Outside the Canvas Experience

In his movie Rosemary’s Baby, Roman Polanski plays a trick on the audience – in one scene, he shows one of the characters obscured by the left side of the doorway. The impact on the audience in the cinema is – in one moment, all the heads shift a little to the right, to get a better view (which they, of course, don’t; more detail in this book).

In his novel (not the movie) Once Upon a Time in Hollywood that deals with Hollywood’s history, one of the characters (Trudi Frazer) is said to have later received an Oscar nomination for the Best Supporting Actress for Quentin Tarantino’s 1999 movie “The Lady in Red”. When I read that, I wondered “How the heck could I have missed that one?” and jumped on Google. What I found was this Reddit thread discussing the topic.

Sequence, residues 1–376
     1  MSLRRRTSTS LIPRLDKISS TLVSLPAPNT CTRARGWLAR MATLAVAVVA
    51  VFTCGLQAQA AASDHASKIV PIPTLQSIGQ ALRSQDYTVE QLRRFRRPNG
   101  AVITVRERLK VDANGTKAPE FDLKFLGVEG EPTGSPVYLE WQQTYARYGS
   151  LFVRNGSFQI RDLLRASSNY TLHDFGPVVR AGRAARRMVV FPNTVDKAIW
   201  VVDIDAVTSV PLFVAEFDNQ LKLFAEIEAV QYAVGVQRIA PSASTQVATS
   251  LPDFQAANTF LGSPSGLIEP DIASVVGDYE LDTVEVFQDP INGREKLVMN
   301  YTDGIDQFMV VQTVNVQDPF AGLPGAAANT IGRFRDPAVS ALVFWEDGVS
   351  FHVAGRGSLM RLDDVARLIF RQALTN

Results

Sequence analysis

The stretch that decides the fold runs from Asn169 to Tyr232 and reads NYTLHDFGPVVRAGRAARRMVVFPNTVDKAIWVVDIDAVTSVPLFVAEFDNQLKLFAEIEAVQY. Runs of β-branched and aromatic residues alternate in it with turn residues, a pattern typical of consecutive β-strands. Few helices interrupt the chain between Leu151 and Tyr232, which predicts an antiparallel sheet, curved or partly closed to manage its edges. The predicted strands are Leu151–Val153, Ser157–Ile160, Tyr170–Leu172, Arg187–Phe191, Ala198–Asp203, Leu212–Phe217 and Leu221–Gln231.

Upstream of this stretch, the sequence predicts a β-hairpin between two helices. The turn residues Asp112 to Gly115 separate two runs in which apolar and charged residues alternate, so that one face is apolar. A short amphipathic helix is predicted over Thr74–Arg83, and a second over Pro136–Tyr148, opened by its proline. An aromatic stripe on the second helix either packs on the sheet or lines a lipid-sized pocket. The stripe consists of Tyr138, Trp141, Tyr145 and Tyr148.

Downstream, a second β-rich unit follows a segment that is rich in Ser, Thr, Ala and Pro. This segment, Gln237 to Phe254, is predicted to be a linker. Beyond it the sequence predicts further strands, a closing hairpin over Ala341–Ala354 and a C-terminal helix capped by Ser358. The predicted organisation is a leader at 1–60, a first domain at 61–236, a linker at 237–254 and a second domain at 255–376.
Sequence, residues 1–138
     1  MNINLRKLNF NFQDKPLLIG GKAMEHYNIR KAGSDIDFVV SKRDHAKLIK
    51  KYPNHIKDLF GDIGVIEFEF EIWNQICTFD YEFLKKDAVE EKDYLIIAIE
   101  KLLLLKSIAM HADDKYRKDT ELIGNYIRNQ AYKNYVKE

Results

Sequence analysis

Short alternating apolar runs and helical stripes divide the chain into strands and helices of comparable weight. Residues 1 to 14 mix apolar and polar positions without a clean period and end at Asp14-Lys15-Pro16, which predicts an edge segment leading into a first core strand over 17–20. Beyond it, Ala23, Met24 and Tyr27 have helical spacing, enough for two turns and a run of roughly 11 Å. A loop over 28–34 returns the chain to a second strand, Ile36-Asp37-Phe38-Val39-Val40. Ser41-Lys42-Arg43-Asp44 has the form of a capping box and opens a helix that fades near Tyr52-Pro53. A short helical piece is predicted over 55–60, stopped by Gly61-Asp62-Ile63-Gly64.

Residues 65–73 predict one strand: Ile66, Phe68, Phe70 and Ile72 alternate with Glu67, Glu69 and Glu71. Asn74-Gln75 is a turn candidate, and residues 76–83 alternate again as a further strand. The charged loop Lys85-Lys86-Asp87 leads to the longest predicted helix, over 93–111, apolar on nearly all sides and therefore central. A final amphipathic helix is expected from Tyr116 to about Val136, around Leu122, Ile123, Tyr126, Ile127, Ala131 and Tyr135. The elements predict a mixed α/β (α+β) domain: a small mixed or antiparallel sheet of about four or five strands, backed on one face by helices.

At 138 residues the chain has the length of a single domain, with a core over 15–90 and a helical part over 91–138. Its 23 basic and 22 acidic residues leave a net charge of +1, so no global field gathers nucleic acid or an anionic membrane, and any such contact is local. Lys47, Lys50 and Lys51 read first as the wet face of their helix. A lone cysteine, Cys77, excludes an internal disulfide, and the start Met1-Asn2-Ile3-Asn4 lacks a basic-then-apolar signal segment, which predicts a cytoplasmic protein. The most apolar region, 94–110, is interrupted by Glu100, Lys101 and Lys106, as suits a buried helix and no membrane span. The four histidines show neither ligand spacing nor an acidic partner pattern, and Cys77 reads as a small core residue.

I bet Tarantino knew people reading this would go googling – and discussing.

In his painting “Las Meninas,” Spanish painter Diego Velazquez shows nine characters directly, and two more – the king and the queen of Spain – reflected in the mirror. But where are they really standing? For the reflection to work, they must be standing outside the canvas. Exactly on the spot in the room of the Museo del Prado where you are standing when you’re looking at the painting.

When we create, all our focus is on the canvas we’re working on. But that does not need to be a limitation. A lot can happen outside the canvas.

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